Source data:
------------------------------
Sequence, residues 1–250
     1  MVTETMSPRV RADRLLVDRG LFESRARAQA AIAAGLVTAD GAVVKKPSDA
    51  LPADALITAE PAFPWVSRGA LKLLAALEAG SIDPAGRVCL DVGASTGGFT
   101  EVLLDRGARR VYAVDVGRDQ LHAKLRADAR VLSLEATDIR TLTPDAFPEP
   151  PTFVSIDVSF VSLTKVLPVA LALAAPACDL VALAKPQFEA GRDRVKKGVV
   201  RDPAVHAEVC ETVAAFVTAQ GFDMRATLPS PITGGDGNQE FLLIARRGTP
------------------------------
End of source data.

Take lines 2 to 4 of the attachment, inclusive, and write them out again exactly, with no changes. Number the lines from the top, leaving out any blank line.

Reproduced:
     1  MVTETMSPRV RADRLLVDRG LFESRARAQA AIAAGLVTAD GAVVKKPSDA
    51  LPADALITAE PAFPWVSRGA LKLLAALEAG SIDPAGRVCL DVGASTGGFT
   101  EVLLDRGARR VYAVDVGRDQ LHAKLRADAR VLSLEATDIR TLTPDAFPEP